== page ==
It is currently sufficient that the label of honey on sale in the European Union identifies its origin as a “mixture of honey from EU and non-EU states.”
Alexander Bernhuber has been involved in negotiations regarding a more severe regulation. The conservative politician said he was convinced that consumers would benefit from the new law he and his colleagues at the European Parliament’s environmental board have agreed on.
The People’s Party (ÖVP) member said: “By re-editing the so-called breakfast guideline, we want to ensure full transparency, especially when it comes to honey.”
The changes mean that providers of honey will have to name each country of origin. It is unclear when the law comes into effect.
Bernhuber argued: “Getting rid of honey adulteration matters a lot to me. Consumers must know where their honey comes from.”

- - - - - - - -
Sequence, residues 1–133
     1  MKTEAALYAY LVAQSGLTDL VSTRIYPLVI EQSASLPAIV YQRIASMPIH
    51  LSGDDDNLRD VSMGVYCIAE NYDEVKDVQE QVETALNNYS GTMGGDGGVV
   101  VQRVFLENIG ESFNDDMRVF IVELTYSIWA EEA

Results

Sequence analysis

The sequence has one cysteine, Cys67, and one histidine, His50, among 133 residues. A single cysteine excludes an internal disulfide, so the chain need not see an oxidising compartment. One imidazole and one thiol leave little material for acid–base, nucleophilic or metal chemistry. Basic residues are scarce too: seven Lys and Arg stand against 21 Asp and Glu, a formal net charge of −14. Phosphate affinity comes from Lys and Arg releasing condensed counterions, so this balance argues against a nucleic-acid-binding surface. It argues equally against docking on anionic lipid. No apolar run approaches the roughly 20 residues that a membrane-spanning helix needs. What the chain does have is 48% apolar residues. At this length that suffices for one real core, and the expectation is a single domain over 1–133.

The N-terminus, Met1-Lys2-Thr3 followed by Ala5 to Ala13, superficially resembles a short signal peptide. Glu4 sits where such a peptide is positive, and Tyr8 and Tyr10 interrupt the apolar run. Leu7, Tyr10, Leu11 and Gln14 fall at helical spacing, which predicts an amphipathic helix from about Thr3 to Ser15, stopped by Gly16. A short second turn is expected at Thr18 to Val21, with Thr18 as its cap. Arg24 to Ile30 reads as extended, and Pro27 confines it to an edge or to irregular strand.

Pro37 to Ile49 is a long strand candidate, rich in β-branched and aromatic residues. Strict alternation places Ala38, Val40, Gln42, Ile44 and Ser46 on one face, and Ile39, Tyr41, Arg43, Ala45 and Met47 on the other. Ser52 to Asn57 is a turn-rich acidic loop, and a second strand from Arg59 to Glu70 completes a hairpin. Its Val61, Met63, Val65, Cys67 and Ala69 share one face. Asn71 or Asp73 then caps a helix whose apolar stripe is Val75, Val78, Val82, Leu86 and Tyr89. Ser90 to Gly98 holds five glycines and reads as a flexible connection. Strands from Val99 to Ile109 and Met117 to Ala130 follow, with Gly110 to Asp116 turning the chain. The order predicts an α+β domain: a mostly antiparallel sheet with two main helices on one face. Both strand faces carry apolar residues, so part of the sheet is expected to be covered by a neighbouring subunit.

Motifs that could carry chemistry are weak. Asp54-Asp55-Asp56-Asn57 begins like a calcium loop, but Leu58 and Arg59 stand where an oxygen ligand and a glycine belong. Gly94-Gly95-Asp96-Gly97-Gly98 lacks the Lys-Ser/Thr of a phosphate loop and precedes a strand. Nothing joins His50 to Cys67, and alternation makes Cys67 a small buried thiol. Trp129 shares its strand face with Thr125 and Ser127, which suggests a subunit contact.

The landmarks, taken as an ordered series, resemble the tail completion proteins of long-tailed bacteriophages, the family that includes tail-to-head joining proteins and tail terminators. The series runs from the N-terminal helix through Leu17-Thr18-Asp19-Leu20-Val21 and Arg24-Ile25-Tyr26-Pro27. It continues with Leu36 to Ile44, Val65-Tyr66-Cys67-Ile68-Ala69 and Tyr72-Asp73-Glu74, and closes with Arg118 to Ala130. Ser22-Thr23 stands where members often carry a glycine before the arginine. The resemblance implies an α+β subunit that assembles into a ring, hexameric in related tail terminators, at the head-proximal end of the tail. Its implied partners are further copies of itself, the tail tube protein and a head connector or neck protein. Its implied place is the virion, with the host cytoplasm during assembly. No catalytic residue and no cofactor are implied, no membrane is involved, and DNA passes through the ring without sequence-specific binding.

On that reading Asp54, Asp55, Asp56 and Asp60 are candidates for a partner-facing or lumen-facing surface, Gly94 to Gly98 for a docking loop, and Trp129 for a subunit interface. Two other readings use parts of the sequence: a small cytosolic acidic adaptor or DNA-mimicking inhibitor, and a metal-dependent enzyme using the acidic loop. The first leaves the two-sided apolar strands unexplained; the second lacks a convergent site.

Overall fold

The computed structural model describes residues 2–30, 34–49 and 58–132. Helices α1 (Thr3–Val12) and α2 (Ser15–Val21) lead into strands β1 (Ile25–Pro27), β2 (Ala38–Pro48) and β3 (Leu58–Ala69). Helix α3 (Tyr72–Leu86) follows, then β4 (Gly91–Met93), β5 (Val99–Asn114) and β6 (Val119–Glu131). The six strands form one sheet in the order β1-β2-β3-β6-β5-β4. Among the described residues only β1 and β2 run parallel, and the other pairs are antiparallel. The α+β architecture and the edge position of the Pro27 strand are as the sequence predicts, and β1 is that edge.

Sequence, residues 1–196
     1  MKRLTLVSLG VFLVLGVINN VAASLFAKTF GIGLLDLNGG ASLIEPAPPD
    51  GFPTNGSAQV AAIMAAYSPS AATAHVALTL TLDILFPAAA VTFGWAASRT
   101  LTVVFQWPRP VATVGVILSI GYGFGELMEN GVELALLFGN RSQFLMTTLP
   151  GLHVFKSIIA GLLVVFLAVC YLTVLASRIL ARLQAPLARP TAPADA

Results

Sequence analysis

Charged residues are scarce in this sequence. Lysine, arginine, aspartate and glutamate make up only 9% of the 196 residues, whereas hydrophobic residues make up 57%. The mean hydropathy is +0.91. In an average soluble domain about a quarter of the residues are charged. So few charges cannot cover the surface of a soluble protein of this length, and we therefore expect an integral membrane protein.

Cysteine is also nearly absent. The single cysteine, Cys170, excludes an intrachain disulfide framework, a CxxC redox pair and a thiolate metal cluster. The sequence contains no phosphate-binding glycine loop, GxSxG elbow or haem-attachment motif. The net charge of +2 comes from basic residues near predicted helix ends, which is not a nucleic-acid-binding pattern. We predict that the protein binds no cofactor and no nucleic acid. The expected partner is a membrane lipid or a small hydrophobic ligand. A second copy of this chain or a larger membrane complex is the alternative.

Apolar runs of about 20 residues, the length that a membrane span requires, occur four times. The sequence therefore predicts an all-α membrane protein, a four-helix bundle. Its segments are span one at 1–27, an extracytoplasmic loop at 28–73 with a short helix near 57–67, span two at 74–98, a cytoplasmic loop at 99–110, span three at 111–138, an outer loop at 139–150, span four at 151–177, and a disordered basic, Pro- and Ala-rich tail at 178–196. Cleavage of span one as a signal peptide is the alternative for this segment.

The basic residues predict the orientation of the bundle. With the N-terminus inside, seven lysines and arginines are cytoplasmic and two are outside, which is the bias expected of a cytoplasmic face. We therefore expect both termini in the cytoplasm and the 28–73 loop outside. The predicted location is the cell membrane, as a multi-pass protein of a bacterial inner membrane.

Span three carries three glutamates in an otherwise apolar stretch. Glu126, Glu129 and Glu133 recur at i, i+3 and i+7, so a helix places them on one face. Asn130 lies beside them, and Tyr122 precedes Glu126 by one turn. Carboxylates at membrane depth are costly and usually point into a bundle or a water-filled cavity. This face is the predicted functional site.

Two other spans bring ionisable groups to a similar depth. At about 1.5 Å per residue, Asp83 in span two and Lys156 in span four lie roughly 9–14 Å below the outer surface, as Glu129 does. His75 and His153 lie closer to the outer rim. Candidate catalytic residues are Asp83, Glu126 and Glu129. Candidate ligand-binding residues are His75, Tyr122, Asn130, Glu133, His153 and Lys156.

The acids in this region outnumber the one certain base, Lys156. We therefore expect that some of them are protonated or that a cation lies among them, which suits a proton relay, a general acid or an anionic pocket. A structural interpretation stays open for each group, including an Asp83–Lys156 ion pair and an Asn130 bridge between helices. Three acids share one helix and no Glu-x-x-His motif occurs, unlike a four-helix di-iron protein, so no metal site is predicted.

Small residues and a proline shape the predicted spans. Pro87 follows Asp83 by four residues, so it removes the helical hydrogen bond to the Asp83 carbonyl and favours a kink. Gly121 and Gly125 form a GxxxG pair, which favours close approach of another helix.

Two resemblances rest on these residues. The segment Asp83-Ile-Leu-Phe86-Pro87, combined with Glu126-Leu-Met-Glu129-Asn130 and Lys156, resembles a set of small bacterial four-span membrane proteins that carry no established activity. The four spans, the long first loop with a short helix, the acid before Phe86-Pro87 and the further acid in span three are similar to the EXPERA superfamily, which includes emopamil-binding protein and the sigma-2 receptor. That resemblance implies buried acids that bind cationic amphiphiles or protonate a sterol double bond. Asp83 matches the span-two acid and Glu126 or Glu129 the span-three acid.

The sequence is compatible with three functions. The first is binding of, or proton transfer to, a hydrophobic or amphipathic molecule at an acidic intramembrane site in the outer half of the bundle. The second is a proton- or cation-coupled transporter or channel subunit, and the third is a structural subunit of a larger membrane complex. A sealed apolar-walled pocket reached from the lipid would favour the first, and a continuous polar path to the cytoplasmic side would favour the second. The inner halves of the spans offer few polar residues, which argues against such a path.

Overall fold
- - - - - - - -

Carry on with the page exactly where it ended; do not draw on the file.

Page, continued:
The MEP said another urgent issue was that many providers appear to add substances such as sugar syrup to lower their production costs. Such measures are a breach of current EU food standard rules.
Bernhuber explained: “Around 220,000 tonnes of honey are being produced in the EU each year. Another 175,000 are imported. In an investigation by the European Commission, 147 of 320 samples were diluted. Most of them came from third countries.”
Bernhuber referred to findings by the anti-fraud agency OLAF which hit the headlines last year.
However, Martina Janke from the Institute for Bees in Celle, Germany, vehemently rejected concerns that supermarket shelves were full of illicit honey-sugar mixtures.
She said: “These checks took place at the EU borders before the honey arrived at the importing companies.”
Meanwhile, Bernhuber argued that harsher laws concerning information on foodstuff labels would “enable shoppers to pick healthy and regional products.”
The ÖVP MEP concluded: “We guarantee fair competition circumstances for our beekeepers, put a stop to honey manipulators and protect the environment.”